When a new addition to the family arrives, the cameras pop out like weeds

in the garden. Unfortunately, most of the pictures, while enjoyed, never quite capture the cuteness of the new baby. Here are some tips to help you do the little darling justice.

First, let me advise you never to use a wide angle lens for a baby picture. The foreshortening of a 28mm focal length lens will be sure to (1) make the baby's nose appear larger, (2) reduce the size of their ears to looking smaller and out of shape, and (3) probably cause an overexposure of the image due to the closeness of the flash to the subject. One the other hand, a short telephoto lens (100mm) will reproduce our angel's features to a normal proportion, all of his (or her) different parts presented in the proper ratio. Even a small distortion of proportion has a definite (and detrimental) effect on the features.

While I'm not excluding taking pictures at night with a flash, I am recommending that you wait for daytime for that wonderful light coming from your window. Turn off the flash or cover it with two layers of white handkerchief. A setting of 200 ISO should be sufficient for a good exposure. The bottom pane is the one with the most photogenic light, so if you can, close off the upper part. Try raising the mattress in the crib so that you can see the baby without looking down. Soft light from the sky or light reflected off clouds produces a three dimensional rounded effect especially flattering to a baby's face. If the room is furnished in dark colors, place a reflecting surface near the baby to fill in the shadow. Use a tripod or other support and shoot away.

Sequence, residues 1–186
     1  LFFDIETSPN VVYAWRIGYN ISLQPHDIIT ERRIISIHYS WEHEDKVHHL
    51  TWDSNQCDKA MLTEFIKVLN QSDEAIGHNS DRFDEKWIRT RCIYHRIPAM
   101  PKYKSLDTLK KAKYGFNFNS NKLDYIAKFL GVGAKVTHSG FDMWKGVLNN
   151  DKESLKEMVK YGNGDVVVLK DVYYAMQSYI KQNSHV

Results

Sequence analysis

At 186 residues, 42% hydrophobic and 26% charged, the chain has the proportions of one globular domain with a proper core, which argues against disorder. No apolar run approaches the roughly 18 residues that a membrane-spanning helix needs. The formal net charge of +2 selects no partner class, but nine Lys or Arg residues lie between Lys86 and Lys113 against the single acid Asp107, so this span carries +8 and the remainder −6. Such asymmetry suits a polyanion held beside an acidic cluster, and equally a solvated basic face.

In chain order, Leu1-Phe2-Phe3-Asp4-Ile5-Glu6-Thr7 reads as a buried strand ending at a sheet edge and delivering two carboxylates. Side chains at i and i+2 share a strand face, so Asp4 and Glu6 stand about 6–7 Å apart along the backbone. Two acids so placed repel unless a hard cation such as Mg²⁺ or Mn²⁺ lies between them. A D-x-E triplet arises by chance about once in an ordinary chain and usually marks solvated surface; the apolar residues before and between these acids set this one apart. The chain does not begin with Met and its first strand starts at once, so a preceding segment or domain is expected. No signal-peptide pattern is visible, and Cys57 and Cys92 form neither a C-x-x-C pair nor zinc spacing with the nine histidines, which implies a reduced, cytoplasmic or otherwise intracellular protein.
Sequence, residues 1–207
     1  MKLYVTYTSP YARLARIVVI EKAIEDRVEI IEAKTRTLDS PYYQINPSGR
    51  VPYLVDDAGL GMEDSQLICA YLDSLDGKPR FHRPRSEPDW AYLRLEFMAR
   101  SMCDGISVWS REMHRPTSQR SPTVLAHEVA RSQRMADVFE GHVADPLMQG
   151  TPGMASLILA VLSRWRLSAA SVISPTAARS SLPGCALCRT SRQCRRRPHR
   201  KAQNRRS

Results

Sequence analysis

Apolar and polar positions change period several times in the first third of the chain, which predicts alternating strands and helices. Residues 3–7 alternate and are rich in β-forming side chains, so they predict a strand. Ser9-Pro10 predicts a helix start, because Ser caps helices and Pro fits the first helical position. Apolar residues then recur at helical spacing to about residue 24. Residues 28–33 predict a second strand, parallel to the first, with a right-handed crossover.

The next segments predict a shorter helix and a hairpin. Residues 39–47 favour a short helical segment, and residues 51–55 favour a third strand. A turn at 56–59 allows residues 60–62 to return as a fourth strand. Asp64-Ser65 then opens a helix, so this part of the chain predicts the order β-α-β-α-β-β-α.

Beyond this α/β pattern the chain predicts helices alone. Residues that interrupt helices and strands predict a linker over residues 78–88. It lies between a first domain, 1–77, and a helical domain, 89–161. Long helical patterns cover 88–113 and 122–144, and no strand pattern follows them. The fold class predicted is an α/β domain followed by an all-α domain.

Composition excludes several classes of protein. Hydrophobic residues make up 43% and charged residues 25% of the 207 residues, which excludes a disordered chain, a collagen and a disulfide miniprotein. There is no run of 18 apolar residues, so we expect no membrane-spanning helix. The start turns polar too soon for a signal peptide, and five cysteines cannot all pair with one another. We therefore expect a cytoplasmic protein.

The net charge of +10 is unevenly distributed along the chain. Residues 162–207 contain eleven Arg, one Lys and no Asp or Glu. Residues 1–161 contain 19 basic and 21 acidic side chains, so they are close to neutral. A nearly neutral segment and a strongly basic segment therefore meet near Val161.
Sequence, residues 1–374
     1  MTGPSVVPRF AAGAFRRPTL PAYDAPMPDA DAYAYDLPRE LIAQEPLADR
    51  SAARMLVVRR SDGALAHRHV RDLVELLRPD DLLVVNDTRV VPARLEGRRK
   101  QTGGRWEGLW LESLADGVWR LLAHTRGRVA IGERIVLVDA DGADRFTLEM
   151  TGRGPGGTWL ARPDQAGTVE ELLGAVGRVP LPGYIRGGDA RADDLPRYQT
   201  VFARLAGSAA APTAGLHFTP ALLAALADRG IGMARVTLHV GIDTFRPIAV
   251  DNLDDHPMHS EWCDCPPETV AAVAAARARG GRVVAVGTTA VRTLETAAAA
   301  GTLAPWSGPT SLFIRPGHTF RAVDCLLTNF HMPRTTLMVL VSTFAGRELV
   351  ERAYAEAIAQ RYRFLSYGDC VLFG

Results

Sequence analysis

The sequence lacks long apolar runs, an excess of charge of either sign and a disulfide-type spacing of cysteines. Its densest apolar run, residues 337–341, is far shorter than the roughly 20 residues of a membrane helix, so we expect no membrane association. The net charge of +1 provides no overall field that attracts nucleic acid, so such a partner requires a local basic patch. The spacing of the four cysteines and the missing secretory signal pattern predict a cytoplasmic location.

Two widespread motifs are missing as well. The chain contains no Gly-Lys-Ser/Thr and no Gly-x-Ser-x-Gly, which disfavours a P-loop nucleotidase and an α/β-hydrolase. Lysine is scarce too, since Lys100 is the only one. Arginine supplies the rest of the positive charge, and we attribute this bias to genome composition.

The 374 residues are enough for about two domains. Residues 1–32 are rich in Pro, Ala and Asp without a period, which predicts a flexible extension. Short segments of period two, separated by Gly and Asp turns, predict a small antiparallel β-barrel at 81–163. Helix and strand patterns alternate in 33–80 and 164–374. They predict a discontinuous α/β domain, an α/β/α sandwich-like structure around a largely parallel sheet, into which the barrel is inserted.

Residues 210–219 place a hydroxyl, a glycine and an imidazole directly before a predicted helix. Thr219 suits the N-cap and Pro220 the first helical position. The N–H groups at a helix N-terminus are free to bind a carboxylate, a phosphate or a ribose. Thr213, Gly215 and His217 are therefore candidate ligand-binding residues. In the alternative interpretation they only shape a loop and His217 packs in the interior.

Try different angles: a high angle looking down, a position on the opposite side of the crib (turn it around), or even through the bars. Avoid using the macro setting on a zoom lens, since this setting most often incorporates a wide angle focal length. Find the closest distance possible on your short telephoto lens (85mm - 120mm) and stand at that distance. A two diopter close-up attachment lens could halve this distance for super close-ups.

For twins, try to have one sit and one stand. The diagonals produced in the composition introduce a dynamic note to the picture. Important is to have all eyes pointing in the same direction. A squeeze toy helps.

Don't forget the comic possibilities of baby photography. A cold piece of lettuce often produces a variety of quizzical expressions. A slice of lemon brings a riot of surprised and sour looks. A messy finale to a noon time meal is best enjoyed at a distance. Tickling feathers, air blown through a straw or a spray of water from a hidden source can supply an endless source of comical expressions. Before long, you'll have them captured forever in pictures and in your hearts!